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Here's What The Obamacare Repeal Fail Means For Moms

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After a dramatic night in the Senate, the so-called "Skinny repeal" was rejected by the narrowest of margins. It can be hard to keep up with all these bills, and some might wonder what the latest Obamacare repeal fail means for moms. The good news is nothing... yet. Senate Republicans pushed for a vote late Thursday night, despite the the fact that the most recent health care plan was so new, most had no idea what it even entailed. That wasn't good enough for the Democrats — and three rogue Republicans — so for now, everything will stay as it was.

As is becoming a trend, Alaska Sen. Lisa Murkowski and Maine Sen. Susan Collins refused to toe the line, despite being subjected to threats of physical violence by their colleagues. And Arizona Sen. John McCain, just days out from brain surgery, returned to the Senate floor to break the tie. Despite some rather public cajoling from his fellow Senate Republicans, Vice President Mike Pence, and even a phone call from President Donald Trump, according to CNN, McCain held firm. Make no mistake, he's not an Obamacare defender; he'd just prefer a replacement that wasn't thrown together faster than your average sandwich, apparently.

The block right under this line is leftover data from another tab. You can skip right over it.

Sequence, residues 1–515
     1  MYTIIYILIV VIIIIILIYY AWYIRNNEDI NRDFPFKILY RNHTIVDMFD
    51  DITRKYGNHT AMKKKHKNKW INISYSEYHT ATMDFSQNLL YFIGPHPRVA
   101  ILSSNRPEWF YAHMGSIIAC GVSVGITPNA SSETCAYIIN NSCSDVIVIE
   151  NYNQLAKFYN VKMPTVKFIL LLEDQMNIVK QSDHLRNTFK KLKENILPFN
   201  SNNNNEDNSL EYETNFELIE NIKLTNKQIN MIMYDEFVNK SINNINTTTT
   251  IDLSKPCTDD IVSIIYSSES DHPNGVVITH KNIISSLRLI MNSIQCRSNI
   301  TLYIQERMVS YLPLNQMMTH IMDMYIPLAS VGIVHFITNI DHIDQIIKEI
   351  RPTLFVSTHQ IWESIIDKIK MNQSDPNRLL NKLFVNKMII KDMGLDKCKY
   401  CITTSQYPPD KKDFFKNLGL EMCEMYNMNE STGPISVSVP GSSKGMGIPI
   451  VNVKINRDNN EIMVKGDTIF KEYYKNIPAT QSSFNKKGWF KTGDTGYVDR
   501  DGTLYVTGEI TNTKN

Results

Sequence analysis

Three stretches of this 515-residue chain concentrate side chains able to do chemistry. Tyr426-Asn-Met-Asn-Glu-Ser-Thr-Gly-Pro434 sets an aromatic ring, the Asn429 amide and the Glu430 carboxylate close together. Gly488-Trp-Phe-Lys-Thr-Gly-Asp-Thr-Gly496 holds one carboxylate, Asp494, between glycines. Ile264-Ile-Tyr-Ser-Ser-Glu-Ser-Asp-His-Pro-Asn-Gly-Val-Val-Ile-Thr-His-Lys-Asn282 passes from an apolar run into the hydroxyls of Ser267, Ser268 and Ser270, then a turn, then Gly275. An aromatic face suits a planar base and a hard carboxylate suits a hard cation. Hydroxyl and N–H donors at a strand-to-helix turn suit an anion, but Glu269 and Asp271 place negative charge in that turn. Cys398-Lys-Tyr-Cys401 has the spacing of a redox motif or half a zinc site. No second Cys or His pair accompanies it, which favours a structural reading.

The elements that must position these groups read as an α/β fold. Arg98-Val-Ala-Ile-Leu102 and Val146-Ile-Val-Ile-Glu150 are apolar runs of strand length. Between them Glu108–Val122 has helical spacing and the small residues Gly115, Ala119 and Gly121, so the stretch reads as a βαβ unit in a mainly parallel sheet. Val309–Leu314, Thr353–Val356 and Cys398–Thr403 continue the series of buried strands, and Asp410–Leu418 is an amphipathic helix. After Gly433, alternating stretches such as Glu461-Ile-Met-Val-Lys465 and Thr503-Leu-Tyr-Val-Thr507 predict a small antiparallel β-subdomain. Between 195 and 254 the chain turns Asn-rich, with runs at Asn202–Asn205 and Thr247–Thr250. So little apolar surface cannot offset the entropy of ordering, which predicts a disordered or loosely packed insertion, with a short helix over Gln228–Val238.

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McCain's vote may have come as a surprise to some, considering he'd voted to advance the bill to debate on Tuesday. Murkowski and Collins once again voted against moving the bill forward, leaving it up to Pence to break the tie, according to CNBC. It now appears that was a calculated move aimed at setting up the flimsy legislation for failure. Adding to the drama, many Republicans who did vote in favor of the bill didn't actually want it to become law; according to the New York Times, South Carolina Senator Lindsey Graham has called the bill a "terrible policy and horrible politics," a "disaster," and a "fraud." The goal was simply to send it over to the House, and hope that they'd fix it.

The legislation was labeled a "skinny repeal" because it was intended to overturn the bulk of the Affordable Care Act, but contained no replacement. It would have put an end to the individual and employer mandates and cut public health funding, resulting in 16 million Americans losing their coverage, according to an analysis by the Congressional Budget Office. It also would have prohibited funds from going to Planned Parenthood (of course) and allowed states to waive the requirement that insurance providers cover a minimum of essential benefits, like maternity care, childhood vaccines, and prescription drugs. In short, it would have been a potential nightmare for anyone who has, or has come from, a uterus, but moms and kids are now safe for a few more weeks, at least.